In the illustrated apparatus, a top-die movement absorbing part 31 is disposed between a core 30 and the top die 11, while a bottom-die movement absorbing part 32 is disposed between the core 30 and the bottom die 9. An engagement recess for engaging the core 30 with the top die 11 is denoted by 11n, while an engagement recess for engaging the core 30 with the bottom die 9 is denoted by 9n. In the double squirrel-cage rotor according to Embodiment 3, the portion of each end ring portion defined between fins is divided into sections and it is therefore necessary to provide the core 30 in that portion. Accordingly, it is impossible to apply the process used in Embodiment 1 to the manufacturing of such a squirrel-cage rotor. For this reason, the respective movement absorbing parts 31 and 32 are disposed between the core 30 and the top and bottom dies 11 and 9.

In the manufacturing process according to Embodiment 3, the top-die and bottom-die movement absorbing parts 31 and 32, such as aluminum rings or the like, are secured in the engagement recesses 11n and 9n formed in the top die 11 and the bottom die 9, respectively, and the core 30 is disposed between the engagement recesses 11n and 9n. Each of the movement absorbing part 31 and 32 has dimensional accuracy which allows for product dimensions and the amount of shrinkage due to solidification. Then, the rotor core 1 is fitted onto the temporary holding shaft 2, fixed in position by means of the collar 3, and then fitted into the bottom die 9 prepared previously. Then, the top die 11 is fitted onto the rotor core 1 from above and the fastening metal 22 are used to join the top die 11 and the bottom die 9 by an appropriate magnitude of fastening force. Then, the suspending ring 23 is fitted onto one end of the temporary holding shaft 2, and the temporary holding shaft 2 is suspended with the suspending ring 23 held by the hook 24f of the platen 24. Then, after the molten conductive material 6, such as molten aluminum, has been poured into the liquid metal reservoir 25y in a predetermined amount, the platen 24 is moved down to insert the bottom die 9 into the liquid metal reservoir 25y down to a predetermined position. At this position, the platen 24 applies a predetermined level of pressure to the bottom platen 25 by means of the clamping ring 28. Thereafter, the molten conductive material 6 is pressed from below by the pressure plunger 8.

As in the case of Embodiment 1, after a major part of air or gas in the dies and slots has been discharged through the gas discharge channels 27 and the molten conductive material 6 has reached the gas discharge channels 27, the portion of the material 6 at or near the gas discharge channels 27 is quenched and solidified.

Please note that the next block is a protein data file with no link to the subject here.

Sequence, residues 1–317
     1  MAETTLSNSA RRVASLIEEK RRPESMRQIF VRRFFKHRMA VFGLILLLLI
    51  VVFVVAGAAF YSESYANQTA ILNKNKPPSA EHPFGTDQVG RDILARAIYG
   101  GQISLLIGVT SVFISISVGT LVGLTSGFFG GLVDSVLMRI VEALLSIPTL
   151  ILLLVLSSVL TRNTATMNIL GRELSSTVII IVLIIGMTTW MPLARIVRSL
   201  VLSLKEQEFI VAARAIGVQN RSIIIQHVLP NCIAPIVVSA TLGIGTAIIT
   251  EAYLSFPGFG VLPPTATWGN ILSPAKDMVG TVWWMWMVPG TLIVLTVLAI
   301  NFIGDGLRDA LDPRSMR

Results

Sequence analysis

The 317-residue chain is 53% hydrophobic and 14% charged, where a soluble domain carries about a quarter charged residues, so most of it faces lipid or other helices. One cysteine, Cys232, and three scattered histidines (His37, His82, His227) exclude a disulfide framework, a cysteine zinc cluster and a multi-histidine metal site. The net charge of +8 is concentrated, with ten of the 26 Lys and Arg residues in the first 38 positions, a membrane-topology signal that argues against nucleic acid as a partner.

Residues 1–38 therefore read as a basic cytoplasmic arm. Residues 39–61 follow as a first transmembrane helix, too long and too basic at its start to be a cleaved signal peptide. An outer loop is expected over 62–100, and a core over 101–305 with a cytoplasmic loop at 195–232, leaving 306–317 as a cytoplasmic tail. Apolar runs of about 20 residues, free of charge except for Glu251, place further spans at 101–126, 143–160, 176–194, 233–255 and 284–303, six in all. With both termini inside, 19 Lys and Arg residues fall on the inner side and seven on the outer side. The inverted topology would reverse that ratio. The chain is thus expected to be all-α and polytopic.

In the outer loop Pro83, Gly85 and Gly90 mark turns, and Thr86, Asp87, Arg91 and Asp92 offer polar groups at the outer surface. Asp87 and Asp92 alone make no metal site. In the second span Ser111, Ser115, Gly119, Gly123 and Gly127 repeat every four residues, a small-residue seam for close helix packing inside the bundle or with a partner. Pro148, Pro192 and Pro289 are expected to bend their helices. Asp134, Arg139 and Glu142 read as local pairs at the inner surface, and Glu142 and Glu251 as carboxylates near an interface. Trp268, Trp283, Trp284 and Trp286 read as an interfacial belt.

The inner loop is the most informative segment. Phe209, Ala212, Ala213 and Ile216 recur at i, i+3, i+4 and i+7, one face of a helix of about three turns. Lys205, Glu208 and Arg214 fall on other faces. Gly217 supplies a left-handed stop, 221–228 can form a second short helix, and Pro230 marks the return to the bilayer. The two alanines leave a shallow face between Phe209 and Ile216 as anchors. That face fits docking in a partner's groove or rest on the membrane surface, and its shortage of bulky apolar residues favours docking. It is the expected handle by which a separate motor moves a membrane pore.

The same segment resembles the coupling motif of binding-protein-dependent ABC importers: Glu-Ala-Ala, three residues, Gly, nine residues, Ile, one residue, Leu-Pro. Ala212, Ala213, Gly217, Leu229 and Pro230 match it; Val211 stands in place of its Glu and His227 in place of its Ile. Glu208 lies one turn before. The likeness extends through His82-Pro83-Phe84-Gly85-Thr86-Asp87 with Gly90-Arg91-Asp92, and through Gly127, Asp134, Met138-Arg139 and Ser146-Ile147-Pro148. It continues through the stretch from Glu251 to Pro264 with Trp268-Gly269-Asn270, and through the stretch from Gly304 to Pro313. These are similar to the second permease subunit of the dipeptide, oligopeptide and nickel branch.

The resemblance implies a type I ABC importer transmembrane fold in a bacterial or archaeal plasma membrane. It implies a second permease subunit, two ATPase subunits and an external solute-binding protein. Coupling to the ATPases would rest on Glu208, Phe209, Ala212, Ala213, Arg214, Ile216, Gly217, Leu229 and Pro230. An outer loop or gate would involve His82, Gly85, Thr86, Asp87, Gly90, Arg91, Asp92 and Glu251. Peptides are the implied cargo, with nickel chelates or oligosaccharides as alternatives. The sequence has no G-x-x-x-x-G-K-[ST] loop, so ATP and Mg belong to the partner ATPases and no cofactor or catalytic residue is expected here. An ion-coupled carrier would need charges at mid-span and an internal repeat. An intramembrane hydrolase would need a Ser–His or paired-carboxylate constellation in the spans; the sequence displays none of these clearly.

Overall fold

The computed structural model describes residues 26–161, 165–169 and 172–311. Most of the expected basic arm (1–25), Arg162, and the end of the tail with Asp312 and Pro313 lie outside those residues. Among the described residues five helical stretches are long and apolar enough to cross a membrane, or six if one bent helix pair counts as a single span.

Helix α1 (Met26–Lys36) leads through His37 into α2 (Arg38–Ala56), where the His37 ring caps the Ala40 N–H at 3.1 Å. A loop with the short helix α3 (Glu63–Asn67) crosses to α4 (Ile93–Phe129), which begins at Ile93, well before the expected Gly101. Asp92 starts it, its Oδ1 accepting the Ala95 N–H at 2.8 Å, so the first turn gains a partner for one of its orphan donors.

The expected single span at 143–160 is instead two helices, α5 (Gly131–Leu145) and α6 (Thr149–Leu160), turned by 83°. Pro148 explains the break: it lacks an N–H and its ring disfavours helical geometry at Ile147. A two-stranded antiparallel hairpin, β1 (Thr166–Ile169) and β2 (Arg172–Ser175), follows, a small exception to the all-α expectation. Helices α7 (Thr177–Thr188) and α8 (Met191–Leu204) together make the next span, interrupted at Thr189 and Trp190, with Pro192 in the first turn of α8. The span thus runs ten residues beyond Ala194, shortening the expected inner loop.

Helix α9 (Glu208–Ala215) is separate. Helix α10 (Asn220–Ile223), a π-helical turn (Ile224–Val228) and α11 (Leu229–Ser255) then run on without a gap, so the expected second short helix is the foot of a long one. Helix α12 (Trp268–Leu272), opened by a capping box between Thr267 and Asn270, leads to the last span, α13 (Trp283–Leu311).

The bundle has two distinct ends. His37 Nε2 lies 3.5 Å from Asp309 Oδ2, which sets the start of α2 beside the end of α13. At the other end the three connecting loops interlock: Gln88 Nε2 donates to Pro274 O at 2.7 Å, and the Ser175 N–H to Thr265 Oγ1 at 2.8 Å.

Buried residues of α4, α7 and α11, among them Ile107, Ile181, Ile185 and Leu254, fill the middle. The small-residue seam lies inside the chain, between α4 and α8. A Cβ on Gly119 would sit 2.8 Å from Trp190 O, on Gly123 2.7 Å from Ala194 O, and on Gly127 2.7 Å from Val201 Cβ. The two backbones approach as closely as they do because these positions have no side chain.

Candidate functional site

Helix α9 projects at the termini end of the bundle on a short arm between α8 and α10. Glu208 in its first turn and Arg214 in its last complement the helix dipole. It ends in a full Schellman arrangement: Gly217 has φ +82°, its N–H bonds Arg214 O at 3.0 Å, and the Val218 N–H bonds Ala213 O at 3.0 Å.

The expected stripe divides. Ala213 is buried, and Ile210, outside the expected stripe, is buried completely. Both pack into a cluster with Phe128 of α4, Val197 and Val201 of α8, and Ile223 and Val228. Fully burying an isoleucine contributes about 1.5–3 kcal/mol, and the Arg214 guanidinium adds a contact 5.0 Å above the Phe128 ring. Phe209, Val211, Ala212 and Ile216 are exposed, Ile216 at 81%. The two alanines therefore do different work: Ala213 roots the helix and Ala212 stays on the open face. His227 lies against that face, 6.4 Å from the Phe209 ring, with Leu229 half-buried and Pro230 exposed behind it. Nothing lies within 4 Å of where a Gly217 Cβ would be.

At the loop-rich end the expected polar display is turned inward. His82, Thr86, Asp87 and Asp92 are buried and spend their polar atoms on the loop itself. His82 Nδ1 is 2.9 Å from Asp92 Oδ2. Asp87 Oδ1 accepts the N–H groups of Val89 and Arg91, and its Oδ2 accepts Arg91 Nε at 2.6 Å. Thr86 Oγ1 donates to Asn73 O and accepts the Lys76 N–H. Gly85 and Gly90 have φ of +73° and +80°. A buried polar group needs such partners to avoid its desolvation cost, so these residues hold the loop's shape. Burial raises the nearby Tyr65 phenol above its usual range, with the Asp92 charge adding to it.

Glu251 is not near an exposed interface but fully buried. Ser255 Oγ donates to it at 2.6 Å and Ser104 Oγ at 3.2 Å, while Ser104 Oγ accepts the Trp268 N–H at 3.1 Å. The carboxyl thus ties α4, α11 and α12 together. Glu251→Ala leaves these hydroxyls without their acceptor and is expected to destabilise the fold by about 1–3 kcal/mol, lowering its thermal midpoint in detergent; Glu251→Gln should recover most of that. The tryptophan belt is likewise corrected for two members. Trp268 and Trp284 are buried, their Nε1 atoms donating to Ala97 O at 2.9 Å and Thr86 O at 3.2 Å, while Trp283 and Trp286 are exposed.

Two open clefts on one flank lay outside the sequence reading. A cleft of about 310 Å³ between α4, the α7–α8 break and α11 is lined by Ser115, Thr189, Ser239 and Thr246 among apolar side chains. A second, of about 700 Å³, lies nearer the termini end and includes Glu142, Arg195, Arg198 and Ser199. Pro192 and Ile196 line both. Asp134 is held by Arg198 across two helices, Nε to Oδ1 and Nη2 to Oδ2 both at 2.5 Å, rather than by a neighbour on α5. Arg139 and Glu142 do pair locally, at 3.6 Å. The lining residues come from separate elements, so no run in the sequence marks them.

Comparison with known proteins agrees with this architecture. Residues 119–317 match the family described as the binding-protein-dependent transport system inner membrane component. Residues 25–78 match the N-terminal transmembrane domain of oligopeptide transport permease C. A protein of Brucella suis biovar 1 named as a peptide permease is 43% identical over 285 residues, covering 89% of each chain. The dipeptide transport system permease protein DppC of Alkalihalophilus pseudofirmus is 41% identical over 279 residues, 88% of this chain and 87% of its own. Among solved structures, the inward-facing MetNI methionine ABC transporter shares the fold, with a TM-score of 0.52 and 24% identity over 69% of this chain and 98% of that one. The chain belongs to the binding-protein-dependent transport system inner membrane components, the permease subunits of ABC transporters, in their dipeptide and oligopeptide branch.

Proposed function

At this point in time, force which acts to press the top die 11 upward starts working, whereby a high pressure of 400 kg/cm2 or more is applied to the top end 11s of the top die 11 and the product through the liquid metal reservoir 25y and the gate 9g. In this step, since the cross-sectional area of each slot 1b is selected to be small, solidification initially occurs in the slots 1b and the rotor core 1, the temporary holding shaft 2 and the bottom die 9 are moved axially in the upward direction due to the differential pressure between the opposite ends of the rotor core 1 or the differential pressure between the lower surface of the bottom die 9 and the upper end face of the rotor core 1 (if solidification initially occurs in the gate 9g). Accordingly, a high pressure of 400 kg/cm2 is likewise applied to the top end ring portion 11e. At this time, the amount of shrinkage of the top end ring portion 11e due to solidification is approximately 6.6% in terms of pure aluminum, that is, if the top end ring portion 11e has a thickness of approximately 20 mm, the amount of shrinkage thereof is 1.32 mm. By the above application of pressure, the top-die movement absorbing part 31 is compressed by approximately 1.32 mm. Further, only the bottom die 9 is moved up due to the differential pressure between the lower surface of the bottom die 9 and the lower face of the bottom end ring portion 9e, thereby applying pressure to the bottom end ring portion 9e. When the bottom end ring portion 9e solidifies under pressure, the bottom-die movement absorbing part 32 is compressed by approximately 1.32 mm. Accordingly, merely by solidifying either of the two end ring portions 9e and 11e subsequently to the slots 1b, it is possible to apply pressure to the entire cast product, thereby realizing a defect-free cast product having no shrinkage cavities.